A couple weeks ago Loyola Press offered a 3-Minute Retreat on the following verse of scripture:

The cup of blessing that we bless, is it not a sharing in the blood of Christ? The bread that we break, is it not a sharing in the body of Christ?
(1 Corinthians 10:16, NRSV)

This got me reflecting on brokeness and being poured out. Here’s the Loyola Press’ reflection:
“Participation in the Eucharist is not passive, it is active. The cup we bless and the bread we break are actions that enable us to be a part of the Body of Christ. As the Body of Christ, we are Christ’s presence in the world, and as such we continue his mission of service and love. In this we too are poured out and broken open, just as Jesus’ blood was poured out and his body broken during crucifixion, in service to others and to the world.”
Aha! That’s the point of it all—we are Christ’s presence in the world continuing his mission. But what was the significance of Jesus being “broken and poured out” on the cross? He literally allowed himself to be publicly broken and to bleed out of love for all. Such an act shows tremendous vulnerability. The word vulnerable is from the Latin vulnerare, meaning “to wound”. Allowing ourselves to be vulnerable involves some wounding, some breaking, some bleeding. When we become more at ease in a relationship we become more vulnerable to the other. We open our hearts and risk it being broken. Jesus opened his heart because he, as God, was (and is) in deep relationship with us. It’s no mistake that we say we “pour” our hearts out to someone we’re close with.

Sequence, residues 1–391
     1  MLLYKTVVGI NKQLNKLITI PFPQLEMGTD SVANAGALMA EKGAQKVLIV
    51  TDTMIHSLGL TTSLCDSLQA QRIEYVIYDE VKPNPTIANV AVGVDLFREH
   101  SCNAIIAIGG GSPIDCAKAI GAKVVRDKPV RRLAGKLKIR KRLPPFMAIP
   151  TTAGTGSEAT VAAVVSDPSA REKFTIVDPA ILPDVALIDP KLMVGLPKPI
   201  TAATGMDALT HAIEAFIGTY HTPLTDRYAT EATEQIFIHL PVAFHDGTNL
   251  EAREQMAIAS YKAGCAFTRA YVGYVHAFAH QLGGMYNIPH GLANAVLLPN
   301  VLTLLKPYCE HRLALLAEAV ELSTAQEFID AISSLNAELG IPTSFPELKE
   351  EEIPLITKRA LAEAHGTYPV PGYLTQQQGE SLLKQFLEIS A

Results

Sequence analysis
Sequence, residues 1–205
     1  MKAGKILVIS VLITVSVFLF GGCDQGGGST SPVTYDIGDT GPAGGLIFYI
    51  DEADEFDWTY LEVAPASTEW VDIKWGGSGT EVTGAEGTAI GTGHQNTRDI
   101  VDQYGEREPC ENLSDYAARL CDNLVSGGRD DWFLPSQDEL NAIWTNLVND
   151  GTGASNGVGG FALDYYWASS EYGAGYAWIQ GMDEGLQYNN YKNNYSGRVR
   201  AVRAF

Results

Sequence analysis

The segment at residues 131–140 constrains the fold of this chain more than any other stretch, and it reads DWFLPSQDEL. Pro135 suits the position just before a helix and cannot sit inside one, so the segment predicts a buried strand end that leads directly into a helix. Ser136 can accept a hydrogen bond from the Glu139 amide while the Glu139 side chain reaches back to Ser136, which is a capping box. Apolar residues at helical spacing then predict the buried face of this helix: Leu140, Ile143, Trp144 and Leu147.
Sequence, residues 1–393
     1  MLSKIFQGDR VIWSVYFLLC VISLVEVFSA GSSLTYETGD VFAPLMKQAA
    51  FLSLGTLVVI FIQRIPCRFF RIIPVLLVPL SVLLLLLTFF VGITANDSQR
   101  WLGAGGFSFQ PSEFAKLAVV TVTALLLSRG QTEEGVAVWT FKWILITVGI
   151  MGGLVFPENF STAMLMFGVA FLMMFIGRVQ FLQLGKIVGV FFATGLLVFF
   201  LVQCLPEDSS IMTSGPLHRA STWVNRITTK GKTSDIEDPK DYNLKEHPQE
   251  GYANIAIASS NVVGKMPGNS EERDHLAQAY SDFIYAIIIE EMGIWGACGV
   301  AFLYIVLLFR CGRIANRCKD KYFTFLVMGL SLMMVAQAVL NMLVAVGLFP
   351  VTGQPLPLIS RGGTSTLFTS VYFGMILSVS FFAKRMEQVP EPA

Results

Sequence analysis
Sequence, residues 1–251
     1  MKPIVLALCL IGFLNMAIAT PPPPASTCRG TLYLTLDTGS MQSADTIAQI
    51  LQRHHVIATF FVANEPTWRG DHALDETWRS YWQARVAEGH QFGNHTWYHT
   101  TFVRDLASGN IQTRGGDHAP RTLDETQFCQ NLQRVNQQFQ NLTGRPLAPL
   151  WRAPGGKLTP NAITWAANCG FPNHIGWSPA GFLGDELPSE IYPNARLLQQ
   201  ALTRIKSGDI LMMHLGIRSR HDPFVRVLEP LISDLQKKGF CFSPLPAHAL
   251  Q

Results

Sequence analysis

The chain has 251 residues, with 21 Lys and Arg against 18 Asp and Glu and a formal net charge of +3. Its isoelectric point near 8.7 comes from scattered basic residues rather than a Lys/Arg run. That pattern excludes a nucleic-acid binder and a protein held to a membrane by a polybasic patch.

What if everyone allowed themselves to be broken and poured out? I imagine many broken eggs, broken with yokes oozing out. Messiness. Imagine every person you encounter to have everything exposed. You would know it all: their weaknesses, their compulsions, their secrets, their loves, their wounds, their joys, their fears. And they, too, could see you in all your depth. It would be… messy. But maybe if everyone let themselves be so exposed we might be more loving, compassionate, and understanding of one another. We’d quickly learn that others shared in our fears or addictions, our joys and our sorrows. Can we do it out of love?
Jesus, in his public display of loving brokenness, I think asks us to follow that example. If we are Christ’s presence in the world, can we let ourselves love so deeply that we can be vulnerable and risk brokenness, risk pouring out our hearts onto others? This is not about pouring our problems onto others. It’s about breaking through our rigid shells, letting people see a bit of the beautiful humanness that lies within, that little bit of love and soul God has placed within us to share.